Behind the Goods: How to Work with Clay


At BRIKA, we’re all about celebrating the talent, time and thought behind every well-crafted good. With this new weekly series, we’re taking a closer look at an individual piece in a Maker’s collection—often their personal favorite—from idea to implementation.

Heather Dahl, Dahlhaus Art Studios

Favorite item: The Medium Striped Cylinder Vase Why: "It's the perfect size for a nice bunch of flowers.”

Heather is a Vancouver-based ceramic artist, known for her collection of vases, trays, cups and teapots. She loves to come up with a simple form, then use her glazing method to create different patterns over time. Here’s a look at her step-by-step process (be sure to watch the video below).

1. Each original design starts on a potter’s wheel.

Heather spent a few years throwing cylinders on the wheel, varying the height and width in order to create a perfect medium vase.

2. Heather chooses a form to carve into a prototype.

She then created a master mould along with production moulds. She does this whenever she’s excited about creating “a wider body of work with multiple glaze patterns using the same form.” The form becomes a blank canvas, where Heather can experiment with patterns and colors.

3. She pours slip (liquid clay) into the mould.

For the medium vase, this process takes about 40 minutes, with the plaster absorbing the water in the slip before she pours more.

[caption id="attachment_3816" align="aligncenter" width="480"]The Finished Product: Heather's Medium Cylinder Striped Vase The Finished Product: Heather's Medium Striped Cylinder Vase[/caption]

4. She’s very, very patient while the pieces dry.

It’s another 90 minutes before she can remove the piece from the mould (then the mould needs time to dry before she can start another vase!). Once the piece is removed from the mould, she cleans up the seams and lets it dry out for another—wait for it—three days!

5. It’s time for the kiln!

Heather needs a kiln full of work in order to bisque fire. “I usually make a series of pieces to go in the kiln and am often handling about 40 pieces at a time,” she says.

6. Heather glazes & designs each piece.

Once they’ve been bisque-fired, she glazes the interior and waxes the bottom. She then works on creating the design! Each of the curved stripes on the Medium Striped Vase is created using individually cut stickers, that mask off the stripes while the white glaze is applied. She then paints a wax resist, removes the stickers, cleans up any loose bits of glaze, and dips the piece into one of her colored glazes!

7. Just another 10-12 hours to go…

The vases need time to dry once more before going back to the kiln for 10-12 hours of firing. “This is where the magic happens,” Heather says, “Or the misery, depending on my glazes fitting, the clay body shrinking, and my application being bang on.”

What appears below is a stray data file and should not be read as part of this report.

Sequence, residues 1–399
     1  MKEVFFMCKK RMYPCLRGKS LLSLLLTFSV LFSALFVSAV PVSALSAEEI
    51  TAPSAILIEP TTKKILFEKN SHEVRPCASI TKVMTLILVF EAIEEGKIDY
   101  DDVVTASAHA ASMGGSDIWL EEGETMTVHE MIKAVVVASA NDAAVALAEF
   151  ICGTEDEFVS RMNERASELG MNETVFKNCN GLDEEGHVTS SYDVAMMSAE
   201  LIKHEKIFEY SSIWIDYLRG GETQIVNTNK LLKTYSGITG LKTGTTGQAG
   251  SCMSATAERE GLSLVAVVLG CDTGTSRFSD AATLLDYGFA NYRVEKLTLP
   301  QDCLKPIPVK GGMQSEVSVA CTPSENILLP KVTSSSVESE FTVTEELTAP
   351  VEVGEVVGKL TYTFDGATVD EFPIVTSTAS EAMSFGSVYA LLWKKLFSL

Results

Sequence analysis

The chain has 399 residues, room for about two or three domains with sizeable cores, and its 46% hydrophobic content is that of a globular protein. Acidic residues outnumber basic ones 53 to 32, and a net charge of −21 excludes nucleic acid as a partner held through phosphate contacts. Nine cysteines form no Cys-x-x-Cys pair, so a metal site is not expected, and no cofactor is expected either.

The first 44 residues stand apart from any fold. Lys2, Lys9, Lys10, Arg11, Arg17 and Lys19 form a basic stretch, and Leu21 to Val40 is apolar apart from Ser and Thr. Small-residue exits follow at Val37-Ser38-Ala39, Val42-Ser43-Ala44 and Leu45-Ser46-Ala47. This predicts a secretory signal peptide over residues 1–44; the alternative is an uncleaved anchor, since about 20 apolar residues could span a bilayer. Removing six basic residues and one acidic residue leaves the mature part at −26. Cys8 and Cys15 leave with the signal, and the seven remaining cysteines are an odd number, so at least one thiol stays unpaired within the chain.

The process is intense! But worth it when you take a look at Heather’s work. Watch the video below to see her studio and process.

[vimeo 41939109 w=500&h=280]

What’s the biggest misconception about working with clay?

I think people assume it’s easy and quick to make. However, it takes years of practice to re-create designs and shapes for production. Each piece takes at least 3 weeks from start to finish, and there are no shortcuts to speed up this process (e.g. drying clay quickly will result in cracking). So it’s a demanding medium, for sure!

And the best part of working with clay?

The best part of working with clay is the transformation of material that starts out as a liquid or a blob of earth (basically) that becomes formed and then fired into a beautiful piece that can be used! It’s an incredibly challenging medium and it feels like there is always more to learn in clay—I never get tired of gaining new skills.

Who inspires you to do the work that you do?

I think the people that have inspired me are the many Makers who have gone on before me. My great-aunt was a potter who gave me my first wheel, tools and books back when I was a student in ceramics. She passed away last year, but her encouragement was significant in inspiring me to keep at it.

Learn more about Heather’s background, and shop her collection of colorful vases, trays, cups, and teapots (hint: they make incredible gifts!). 

Did you like this story? You’ll probably like these as well!
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  2. Face to Face: Meeting Makers in NYC
  3. Q&A with Illustrator Jacqueline Schmidt
P.S. Sign up for BRIKA’s newsletter to hear about our latest Makers and their well-crafted goods.

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